Mick Haller is a defense lawyer who works out of his Lincoln. When a wealthy Realtor is accused of assaulting a prostitute, Haller is asked to defend him. The man claims that the woman is ...
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A frustrated man decides to take justice into his own hands after a plea bargain sets one of his family's killers free. He targets not only the killer but also the district attorney and others involved in the deal.
Mick Haller is a defense lawyer who works out of his Lincoln. When a wealthy Realtor is accused of assaulting a prostitute, Haller is asked to defend him. The man claims that the woman is trying to get some money out of him. But when Haller looks at the evidence against him, he learns that this case might be linked to an old case of his. Written by
Matthew McConaughey also played a defense attorney in the 1996 film, A Time To Kill, along side Samuel L. Jackson and Sandra Bullock. See more »
They mention early in the movie that Louis is apprehended by the two gay guys (Reggie's neighbors). Nobody (not the prosecution, nor the defense) calls them to the stand as witnesses. See more »
I tell you what Eddie, how about I do this one for free?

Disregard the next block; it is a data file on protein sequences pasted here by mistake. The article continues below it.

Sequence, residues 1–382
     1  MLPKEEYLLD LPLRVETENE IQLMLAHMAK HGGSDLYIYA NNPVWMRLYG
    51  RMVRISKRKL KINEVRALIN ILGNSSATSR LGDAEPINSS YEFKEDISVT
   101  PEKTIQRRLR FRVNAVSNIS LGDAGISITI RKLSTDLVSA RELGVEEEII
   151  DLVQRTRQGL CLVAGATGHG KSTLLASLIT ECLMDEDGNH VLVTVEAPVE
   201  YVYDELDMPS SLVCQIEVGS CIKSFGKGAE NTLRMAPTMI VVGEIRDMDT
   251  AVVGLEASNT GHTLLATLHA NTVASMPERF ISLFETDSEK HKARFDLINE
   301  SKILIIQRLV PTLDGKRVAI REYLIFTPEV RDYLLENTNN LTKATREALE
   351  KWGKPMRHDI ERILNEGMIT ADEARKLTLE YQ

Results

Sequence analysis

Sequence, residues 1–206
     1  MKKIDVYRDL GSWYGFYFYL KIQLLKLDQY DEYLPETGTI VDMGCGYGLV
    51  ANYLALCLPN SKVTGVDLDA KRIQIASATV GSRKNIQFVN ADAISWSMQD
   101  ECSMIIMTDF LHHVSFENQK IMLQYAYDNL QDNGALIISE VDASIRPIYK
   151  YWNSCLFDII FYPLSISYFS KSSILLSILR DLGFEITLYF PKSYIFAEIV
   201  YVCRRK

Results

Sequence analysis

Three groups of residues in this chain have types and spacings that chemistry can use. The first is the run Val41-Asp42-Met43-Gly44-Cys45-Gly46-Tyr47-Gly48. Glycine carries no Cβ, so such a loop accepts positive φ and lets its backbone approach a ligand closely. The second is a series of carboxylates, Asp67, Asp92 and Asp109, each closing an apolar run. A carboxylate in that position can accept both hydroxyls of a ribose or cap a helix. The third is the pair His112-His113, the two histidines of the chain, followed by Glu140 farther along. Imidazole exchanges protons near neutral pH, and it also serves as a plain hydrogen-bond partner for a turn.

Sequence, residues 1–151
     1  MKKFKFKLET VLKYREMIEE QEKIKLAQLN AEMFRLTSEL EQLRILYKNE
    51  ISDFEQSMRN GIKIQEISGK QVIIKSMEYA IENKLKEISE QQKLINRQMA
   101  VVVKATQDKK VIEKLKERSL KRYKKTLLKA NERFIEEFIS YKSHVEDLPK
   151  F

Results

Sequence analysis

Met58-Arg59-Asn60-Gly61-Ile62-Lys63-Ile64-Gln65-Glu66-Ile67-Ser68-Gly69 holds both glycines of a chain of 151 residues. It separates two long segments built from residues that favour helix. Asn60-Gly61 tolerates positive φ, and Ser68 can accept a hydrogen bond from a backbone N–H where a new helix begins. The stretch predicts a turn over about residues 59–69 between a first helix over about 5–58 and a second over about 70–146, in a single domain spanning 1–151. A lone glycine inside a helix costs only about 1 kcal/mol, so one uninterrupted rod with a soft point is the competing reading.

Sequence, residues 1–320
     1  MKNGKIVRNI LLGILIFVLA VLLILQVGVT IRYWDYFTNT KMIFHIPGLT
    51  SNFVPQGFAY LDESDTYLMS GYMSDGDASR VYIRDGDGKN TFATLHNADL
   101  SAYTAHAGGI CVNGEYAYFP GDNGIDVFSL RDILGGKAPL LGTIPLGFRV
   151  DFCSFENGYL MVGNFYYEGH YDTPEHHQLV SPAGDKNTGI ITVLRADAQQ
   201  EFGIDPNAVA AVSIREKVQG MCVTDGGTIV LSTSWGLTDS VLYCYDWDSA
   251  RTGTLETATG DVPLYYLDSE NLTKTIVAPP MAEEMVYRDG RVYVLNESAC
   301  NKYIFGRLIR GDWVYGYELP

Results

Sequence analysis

[gestures at him and leaves]
Are you sure you're feeling all right?
Repeat customers, Earl. We'll stick it to 'em next time...
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Matthew McConaughey plays the sleazy, street-wise lawyer Mick Haller who at one point exclaims that he 'couldn't believe he was representing an innocent man' which goes to show the types of people he defends. The Lincoln Lawyer follows the story of Haller as he takes on Louis Roulet (Played by Ryan Phillippe) who has been suspected of assault. But as he represents him starts to question the good in what he is doing and the morals of his actions. This is one of McConaughey's finest roles in a long time but is nothing compared to William H. Macy who plays his detective in the case and brings a charismatic and involved attitude, stealing the limelight off of anyone else on screen.
The problems that lie within The Lincoln Lawyer however are the horrible plot points that often appear out of nowhere to do nothing other than twist the story, especially around the halfway mark of the film. Along side this is the constant thought of how this would fit better as a late night television movie, it doesn't feel cinematic enough and the courtroom scene feel like missed opportunities to show this. That being said the film is entertaining enough while it lasts and the actors really throw themselves into their roles, despite the clichéd character development. There are worse ways to kill a few hours.
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